Check out this 8 yr. old girl, Sam Gordon, playing football. WOW
Check out this 8 yr. old girl, Sam Gordon, playing football. WOW
While on vacation for a month, I read three absolutely incredible Young Adult books, all starring kick-ass heroines. I’m dying to tell you about them.
Besides Hunger Games, these three stories are the first YA books I’ve read since starting Reel Girl.
Because my three daughters are ages 3 – 9, and because I’m writing a Middle Grade novel, I’ve mostly stayed away from Young Adult books. I don’t have the time to read everything I’d like to (and I really enjoy reading books intended for 43 year olds as well!) But because I have never trusted the rating system of kids’ media– what is deemed “acceptable” or “good” for children and what is not– I decided to venture into YA territory on my own.
Here are my reviews:
Wild Magic by Tamora Pierce
This book is gripping from start to finish. The story follows an intrepid and extremely likeable heroine, Daine, as she discovers her power and uses her magic to save her world. Daine starts out fearing her mysterious skills, her “difference,” but under the guidance of a mentor and a new community of friends and allies, she leans how to wield and tame her wild magic.
The only thing in this whole book that I feel could be inappropriate for young kids is a reference to Daine’s mom being raped. That reference describes bandits who murdered her mother and reads something like, “They would have passed by the house but my mother was pretty.” Otherwise, there is no sex in this book. I gave it to my almost nine year old daughter to read, and she loves it.
Like most girl-centered books for kids, this is a feminist story within the context of the patriarchy: it’s a narrative about the rare women who achieve, for example, who are able to become knights. There is more than one powerful female, which is great, but as usual, while reading, I longed for a magical world gender equality simply exists.
I don’t like this cover much. Daine looks naked and the image does nothing to communicate the magic or power of the book.
Wild Magic is mysterious and beautiful story.
Reel Girl rates Wild Magic ***HHH***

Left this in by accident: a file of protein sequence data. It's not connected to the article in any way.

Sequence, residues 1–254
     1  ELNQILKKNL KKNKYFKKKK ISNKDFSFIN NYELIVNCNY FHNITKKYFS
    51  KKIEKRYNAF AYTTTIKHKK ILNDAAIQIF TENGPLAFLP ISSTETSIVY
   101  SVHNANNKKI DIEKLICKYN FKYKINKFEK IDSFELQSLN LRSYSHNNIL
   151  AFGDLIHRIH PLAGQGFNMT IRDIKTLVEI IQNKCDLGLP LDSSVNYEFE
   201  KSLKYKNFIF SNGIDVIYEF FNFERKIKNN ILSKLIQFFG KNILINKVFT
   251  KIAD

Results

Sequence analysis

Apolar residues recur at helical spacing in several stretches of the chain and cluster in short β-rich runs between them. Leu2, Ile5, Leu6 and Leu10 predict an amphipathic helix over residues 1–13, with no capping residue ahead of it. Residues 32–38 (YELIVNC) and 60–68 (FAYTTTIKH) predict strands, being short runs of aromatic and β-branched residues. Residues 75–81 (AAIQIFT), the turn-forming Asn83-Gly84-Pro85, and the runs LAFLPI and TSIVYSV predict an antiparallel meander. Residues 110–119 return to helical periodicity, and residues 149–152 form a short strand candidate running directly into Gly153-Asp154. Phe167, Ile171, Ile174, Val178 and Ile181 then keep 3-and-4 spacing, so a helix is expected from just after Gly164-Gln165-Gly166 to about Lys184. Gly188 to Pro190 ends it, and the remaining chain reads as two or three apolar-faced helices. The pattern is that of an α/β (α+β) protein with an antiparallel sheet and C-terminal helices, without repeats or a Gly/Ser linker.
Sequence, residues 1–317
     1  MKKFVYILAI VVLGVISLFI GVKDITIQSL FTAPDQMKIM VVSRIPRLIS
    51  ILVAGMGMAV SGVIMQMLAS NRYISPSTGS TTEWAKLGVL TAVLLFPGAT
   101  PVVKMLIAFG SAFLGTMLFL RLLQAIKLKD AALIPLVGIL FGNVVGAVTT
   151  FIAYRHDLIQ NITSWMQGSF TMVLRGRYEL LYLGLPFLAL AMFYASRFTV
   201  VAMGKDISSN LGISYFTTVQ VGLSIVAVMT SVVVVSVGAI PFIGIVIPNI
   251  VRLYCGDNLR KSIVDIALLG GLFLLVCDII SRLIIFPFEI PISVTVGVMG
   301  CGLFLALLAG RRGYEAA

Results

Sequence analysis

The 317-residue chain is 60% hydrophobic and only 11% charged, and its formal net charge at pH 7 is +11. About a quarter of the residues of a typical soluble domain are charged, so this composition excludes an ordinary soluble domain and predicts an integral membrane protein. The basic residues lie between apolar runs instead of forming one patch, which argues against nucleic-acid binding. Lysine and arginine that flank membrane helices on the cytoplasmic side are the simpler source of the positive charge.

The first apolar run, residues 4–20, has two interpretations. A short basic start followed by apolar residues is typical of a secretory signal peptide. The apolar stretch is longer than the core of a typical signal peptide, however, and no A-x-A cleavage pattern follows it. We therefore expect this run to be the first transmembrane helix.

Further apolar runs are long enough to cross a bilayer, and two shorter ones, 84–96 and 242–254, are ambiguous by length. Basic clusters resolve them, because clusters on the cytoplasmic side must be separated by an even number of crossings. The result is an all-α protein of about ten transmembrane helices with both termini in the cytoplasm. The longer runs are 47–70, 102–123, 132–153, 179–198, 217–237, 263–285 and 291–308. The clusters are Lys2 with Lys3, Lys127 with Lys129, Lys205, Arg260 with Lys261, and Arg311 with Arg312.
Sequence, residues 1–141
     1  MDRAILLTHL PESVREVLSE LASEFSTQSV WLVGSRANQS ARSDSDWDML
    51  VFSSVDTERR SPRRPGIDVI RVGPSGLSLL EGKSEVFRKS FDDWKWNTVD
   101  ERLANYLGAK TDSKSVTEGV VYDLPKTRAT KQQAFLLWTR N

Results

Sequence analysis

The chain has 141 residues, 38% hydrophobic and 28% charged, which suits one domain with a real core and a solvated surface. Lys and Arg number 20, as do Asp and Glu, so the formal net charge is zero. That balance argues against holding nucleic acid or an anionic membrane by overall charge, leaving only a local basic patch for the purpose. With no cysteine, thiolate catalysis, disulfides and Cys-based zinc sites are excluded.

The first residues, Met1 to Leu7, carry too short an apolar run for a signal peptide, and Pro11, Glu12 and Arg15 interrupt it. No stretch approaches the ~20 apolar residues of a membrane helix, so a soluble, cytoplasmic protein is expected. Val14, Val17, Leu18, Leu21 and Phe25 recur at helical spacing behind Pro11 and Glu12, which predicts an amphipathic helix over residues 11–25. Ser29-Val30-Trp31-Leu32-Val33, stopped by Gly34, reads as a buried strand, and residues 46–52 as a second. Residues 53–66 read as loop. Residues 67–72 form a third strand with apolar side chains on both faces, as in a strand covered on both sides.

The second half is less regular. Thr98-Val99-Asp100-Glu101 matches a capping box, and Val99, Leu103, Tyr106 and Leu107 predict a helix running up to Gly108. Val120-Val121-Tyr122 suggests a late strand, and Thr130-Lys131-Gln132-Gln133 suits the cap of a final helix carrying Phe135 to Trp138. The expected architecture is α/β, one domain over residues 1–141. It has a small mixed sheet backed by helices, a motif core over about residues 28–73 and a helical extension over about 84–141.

Graceling by Krsitin Cashore
This is my favorite of the three books I read. I could not put it down. The villain is one of the scariest and most compelling bad guys who I’ve ever read about.
This book is violent. Katsa, the heroine, like many in her land, is born with a “grace,” a special talent. Her particular talent is killing. Katsa’s grace is exploited by a power-hungry king who she must serve.
Graceling, like Wild Magic, is the story of how the heroine discovers the true meaning of her magic, how to own it and use it for good.
Though I adored this book, I don’t recommend it for Middle Grade readers. I don’t mind the violence. I’ve blogged about violence in kids’ media quite a bit but to quickly recap: Narratives are metaphors, magnifications of moments that, if successful, allow the reader to experience intense emotions.
Narratives raise the stakes so that experience can happen. We’ve all felt like we were “being attacked” or that “the world was caving in.” Narratives show us that actually happening. The story of David and Goliath is a metaphor, so much so that it’s become part of our language; it’s much more than a story of murder.
In the same vein, to the individual, cleaning out a closet can be a monumental task. We are all the heroes of our own lives. To communicate how huge and overwhelming something so mundane really feels, you don’t write about someone cleaning her closet, you write about Psyche sorting seeds as a matter of life and death.
So this is why I don’t mind violence at all, our psyches are intense, as are the emotions of little kids (and grown-ups.) A good and successful narrative depicts that.
Sex, on the other hand, I mind a lot. I don’t think kids should read about sex before they are ready to, and Graceling is an intensely sexual tale. It’s really a love story between Katsa and another graceling, Po. I love Po. Love him! His relationship with Katsa is so great because he is in awe of her power. He helps her to see it and develop it.
On some level, I suppose a little kid could read this story and totally miss the love affair, but I don’t recommend that. It would be leaving out so much. There are also references in the book to incest, more obtuse than the love story, but without getting that aspect of the tale, the reader misses how creepy the villain is.
Reel Girl rates Graceling ***HHH*** (not for MG Readers!)
A Great and Terrible Beauty by Libba Bray
Wow, I wish this book was around when I was a kid.
Gemma Doyle is another heroine who fears her magic. This story, like the other two, shows how she comes to understand her power and use it. I loved reading about the secret society of powerful women (the Order) and the power they wield. Also, the setting is a boarding schools for girls in the Victorian Era. How can you resist that?
This book is also the story of an intense and complex mother-daughter relationship, something most teens can relate to.
Even more so than Wild Magic or Graceling, this book is very much about females struggling within the patriarchy. Again, the conflict is very well done, but also again, I long for kids to just be able to see females being strong without claiming the right to be as strong as boys. Can you imagine boys proudly claiming the reverse? It’s patronizing.
There is sex in this book. I don’t recommend it for MG readers.